Haptics as seen from Books
The last Haptic Symposium in Vancouver celebrated the 20 years of this conference and in that occasion Bernard Dov Adelstein provided an interesting historical talk about the evolution of the field. As a mean of presenting such an evolution along the years he employed Google N-Gram Viewer. This tool allows to search for the statistics of word occurrences in the large corpus of English books scanned by Google and covering a large set of whole published books. In this post I would like to share with you what can be understood by looking at such statistics.
The starting point is the term “haptic interface” that emerged when the first interfaces started to be recognized as something beyond robotics and tele-operation. It is well known that haptic interfaces emerged from the domain of teleoperation when it was clear that the slave could have been replaced by a computer generated model:
What is specifically interesting is the following comparison between haptic perception and the technological development of haptic interfaces:
In some way haptic interfaces are related to virtual reality being a fundamental tool for feeling of being somewhere, but actually haptics is something beyond it and this type of interfaces are more pervasive. This can be appreciated by the following graph in which VR is clearly much larger but it has received some settle back in recent years. For reference we have added the domain of augmented reality:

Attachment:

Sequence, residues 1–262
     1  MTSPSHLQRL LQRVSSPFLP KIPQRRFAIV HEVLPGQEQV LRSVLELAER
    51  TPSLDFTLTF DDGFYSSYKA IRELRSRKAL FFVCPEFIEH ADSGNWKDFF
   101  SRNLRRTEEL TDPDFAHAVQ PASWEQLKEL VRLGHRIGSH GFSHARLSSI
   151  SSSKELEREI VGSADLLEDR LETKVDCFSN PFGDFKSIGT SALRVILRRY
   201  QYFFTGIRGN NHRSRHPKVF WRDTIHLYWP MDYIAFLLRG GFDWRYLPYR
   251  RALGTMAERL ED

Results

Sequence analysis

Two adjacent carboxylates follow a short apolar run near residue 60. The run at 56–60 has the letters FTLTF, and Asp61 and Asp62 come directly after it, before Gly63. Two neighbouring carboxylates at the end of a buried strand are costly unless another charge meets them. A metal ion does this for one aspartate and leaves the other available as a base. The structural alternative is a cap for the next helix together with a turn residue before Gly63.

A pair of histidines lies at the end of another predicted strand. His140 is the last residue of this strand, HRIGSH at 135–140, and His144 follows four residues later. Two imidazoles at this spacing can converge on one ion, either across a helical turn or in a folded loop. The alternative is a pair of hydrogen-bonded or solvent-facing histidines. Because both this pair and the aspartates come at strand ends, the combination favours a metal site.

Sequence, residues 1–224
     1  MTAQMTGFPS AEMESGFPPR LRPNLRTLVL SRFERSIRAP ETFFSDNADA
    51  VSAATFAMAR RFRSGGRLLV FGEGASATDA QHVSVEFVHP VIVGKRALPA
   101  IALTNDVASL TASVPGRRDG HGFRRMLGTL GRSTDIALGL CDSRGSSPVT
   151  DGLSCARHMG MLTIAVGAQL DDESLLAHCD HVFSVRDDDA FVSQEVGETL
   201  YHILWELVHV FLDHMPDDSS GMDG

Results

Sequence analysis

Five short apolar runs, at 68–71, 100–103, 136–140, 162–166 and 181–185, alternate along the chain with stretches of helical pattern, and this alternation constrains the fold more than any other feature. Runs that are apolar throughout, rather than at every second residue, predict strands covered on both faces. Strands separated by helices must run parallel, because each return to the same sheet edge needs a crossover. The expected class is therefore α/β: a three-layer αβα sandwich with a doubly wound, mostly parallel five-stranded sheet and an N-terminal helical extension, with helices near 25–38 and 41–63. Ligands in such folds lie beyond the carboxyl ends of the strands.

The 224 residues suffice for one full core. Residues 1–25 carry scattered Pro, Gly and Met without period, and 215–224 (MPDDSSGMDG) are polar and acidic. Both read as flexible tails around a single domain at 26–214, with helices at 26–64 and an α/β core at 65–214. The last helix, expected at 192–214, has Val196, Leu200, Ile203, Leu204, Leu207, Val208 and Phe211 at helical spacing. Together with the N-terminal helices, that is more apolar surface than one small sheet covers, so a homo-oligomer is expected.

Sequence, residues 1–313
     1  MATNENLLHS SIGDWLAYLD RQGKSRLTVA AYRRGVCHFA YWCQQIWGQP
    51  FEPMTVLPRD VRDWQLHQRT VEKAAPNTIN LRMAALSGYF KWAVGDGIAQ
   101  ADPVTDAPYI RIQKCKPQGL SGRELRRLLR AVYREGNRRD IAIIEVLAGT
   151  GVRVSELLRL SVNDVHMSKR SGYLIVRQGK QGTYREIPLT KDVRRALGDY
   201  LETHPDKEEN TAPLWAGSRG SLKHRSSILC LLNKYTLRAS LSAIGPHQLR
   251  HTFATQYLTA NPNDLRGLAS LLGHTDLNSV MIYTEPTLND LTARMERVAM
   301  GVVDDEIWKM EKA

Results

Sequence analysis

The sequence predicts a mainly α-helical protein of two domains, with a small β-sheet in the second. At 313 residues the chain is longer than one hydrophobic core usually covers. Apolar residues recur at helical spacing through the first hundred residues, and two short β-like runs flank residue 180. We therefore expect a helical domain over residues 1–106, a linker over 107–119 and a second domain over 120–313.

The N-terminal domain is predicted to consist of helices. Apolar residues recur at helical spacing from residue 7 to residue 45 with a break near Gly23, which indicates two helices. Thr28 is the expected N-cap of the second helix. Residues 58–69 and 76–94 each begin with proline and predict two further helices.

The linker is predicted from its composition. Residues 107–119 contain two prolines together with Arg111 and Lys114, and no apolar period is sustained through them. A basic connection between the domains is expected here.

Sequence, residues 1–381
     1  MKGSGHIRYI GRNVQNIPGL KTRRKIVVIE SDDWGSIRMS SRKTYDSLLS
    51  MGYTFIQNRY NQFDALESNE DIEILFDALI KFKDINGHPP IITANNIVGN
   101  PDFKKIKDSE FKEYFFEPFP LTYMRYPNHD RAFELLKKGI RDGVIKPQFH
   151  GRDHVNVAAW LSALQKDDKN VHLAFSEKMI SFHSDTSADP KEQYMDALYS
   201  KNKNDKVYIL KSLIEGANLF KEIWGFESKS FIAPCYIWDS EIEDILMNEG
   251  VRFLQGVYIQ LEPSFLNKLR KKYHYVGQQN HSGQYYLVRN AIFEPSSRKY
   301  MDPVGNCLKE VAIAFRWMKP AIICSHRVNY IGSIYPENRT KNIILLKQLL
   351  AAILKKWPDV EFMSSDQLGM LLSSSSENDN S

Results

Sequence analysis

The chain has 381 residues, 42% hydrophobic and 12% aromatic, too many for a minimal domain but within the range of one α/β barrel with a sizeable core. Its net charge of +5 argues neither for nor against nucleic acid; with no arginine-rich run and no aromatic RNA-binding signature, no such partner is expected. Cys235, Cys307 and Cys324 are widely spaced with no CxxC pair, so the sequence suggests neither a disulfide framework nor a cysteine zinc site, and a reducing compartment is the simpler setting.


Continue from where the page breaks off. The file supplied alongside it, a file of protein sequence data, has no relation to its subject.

Another point of view is more related to the one of haptic technologies, for example comparing vibrotactile and tactile display:
One of the topics of my interest in haptics is haptic rendering that is the software aspect that involves the generation of the virtual forces while interfacing with geometry. The interest in this topic is comparable with the one of the general field:
The final consideration is that this tool is quite interesting in providing an overview of interest in a field, provided that the n-grams are sufficiently specific. I am open to suggestion of adding other comparison on specific aspects of this field. It would be interesting to extend this analysis to publications to understand if similar patters do exist, presenting more detailed curves and probably an anticipatory shift due to the nature of paper publications.